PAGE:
It’s no secret that I’ve spent many hours & plenty of money to get my lawn looking pimp.
When we moved in a few years ago, we had a bunch of weeds, brown spots and our lawn definitely stood out like a sore thumb in our neighborhood.
And I definitely didn’t want to be “that guy” in our new ‘hood. So, I got in touch with the great people at 608 Landscape LLC and had them come over and give me an estimate on what it would take to get my yard in tip-top shape.
After a year of regular treatments, including an end-of-season overseeding & aerating, the damn thing is looking fresh this year and I’m really looking forward to year three!
But I’m not just relying on them to make it pretty. Your boy spends a LOT of time out there, mowing, weeding, trimming, mulching, etc.
And if you’re looking for some end-of-summer lawn care tips, here ya go:
- Mow on a higher setting. Usually, you should mow your grass to about 3 or 4 inches…Taller grass will lead to deeper roots, prevent weeds from growing, and help your lawn live through a dry season.
- Mow in the morning or at dusk! And mow less often during the summer than in spring and fall. The hot sun will damage freshly cut grass.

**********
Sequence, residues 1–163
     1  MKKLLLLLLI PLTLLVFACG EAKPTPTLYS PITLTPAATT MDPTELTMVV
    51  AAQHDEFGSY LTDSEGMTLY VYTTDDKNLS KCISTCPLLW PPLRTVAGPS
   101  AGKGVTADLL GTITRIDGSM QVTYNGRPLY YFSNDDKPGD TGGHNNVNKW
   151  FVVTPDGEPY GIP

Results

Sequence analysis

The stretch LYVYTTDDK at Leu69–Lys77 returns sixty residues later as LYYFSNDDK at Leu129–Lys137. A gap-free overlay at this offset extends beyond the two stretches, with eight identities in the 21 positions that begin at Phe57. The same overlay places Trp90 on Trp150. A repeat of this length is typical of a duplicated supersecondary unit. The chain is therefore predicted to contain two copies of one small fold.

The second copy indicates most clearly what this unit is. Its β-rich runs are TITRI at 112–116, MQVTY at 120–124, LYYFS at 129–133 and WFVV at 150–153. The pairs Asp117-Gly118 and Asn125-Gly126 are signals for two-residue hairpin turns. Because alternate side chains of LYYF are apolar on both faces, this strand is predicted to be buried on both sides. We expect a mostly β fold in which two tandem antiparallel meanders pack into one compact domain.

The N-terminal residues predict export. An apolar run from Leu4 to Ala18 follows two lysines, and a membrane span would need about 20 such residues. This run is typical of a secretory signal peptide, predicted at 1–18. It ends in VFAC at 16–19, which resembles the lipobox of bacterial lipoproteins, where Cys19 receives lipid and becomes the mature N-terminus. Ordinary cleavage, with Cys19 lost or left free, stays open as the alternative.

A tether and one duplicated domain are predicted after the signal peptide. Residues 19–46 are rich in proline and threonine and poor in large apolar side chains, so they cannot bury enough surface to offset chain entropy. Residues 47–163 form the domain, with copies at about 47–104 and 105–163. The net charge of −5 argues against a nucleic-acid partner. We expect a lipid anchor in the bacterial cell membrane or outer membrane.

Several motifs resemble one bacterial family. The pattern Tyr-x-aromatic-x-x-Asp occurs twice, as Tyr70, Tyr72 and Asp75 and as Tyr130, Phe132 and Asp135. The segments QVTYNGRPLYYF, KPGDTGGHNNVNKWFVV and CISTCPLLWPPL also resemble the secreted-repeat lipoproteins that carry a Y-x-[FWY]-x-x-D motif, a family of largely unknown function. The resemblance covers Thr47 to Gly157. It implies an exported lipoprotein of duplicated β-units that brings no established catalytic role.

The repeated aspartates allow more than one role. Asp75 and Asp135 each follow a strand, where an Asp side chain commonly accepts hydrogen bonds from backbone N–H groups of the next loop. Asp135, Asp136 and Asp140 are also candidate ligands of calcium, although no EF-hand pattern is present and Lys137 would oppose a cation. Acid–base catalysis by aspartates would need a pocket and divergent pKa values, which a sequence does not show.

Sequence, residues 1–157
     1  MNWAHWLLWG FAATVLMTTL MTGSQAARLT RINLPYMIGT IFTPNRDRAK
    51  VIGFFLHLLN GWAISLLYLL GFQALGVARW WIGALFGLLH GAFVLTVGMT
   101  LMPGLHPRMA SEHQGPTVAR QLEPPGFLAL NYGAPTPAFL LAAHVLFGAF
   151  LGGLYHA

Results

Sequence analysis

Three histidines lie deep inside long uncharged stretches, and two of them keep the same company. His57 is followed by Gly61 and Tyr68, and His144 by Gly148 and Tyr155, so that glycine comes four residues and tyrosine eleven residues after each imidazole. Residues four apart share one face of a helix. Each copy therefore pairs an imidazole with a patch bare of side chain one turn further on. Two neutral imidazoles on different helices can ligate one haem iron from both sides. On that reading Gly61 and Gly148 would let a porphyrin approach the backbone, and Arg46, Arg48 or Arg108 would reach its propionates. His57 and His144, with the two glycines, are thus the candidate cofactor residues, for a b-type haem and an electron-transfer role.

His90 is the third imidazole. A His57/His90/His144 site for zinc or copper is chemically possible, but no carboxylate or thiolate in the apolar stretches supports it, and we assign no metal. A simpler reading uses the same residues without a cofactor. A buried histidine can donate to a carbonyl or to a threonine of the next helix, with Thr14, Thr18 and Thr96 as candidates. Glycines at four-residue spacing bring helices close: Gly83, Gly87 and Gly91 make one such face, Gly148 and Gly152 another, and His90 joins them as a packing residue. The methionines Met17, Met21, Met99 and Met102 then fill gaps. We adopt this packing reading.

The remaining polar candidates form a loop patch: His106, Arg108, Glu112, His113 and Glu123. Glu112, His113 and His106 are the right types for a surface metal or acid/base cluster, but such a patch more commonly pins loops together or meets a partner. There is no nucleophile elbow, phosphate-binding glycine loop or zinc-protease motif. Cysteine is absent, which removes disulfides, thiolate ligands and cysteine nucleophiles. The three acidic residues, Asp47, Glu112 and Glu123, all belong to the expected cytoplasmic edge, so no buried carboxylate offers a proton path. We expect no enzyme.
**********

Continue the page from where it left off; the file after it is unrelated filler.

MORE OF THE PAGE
- Don’t water during the day. The best time to water grass lawns is in the early morning between 4am-9am. Watering in the AM will help reduce the amount of evaporation that occurs, so your grass can soak up more water in less time. This trick will save you on your water bill. Avoid watering at midday, when water evaporates too quickly and late at night (which can lead to fungal growth).
- Mulch, don’t bag. Normally, I like to bag my clippings so that I’m not tracking it into the house, but in the late summer/early fall, I’ll let it stay on the lawn. Mulched grass will help trap moisture near the soil, keeping your grass hydrated for a longer period.
- Last but certainly not least – Aerate your lawn! The summer sun makes the soil of your yard compact, making it hard for water, air, nutrients, and fertilizer to get to the roots of your grass. Aeration will loosen up your soil, making it so your roots have access to what it needs to thrive.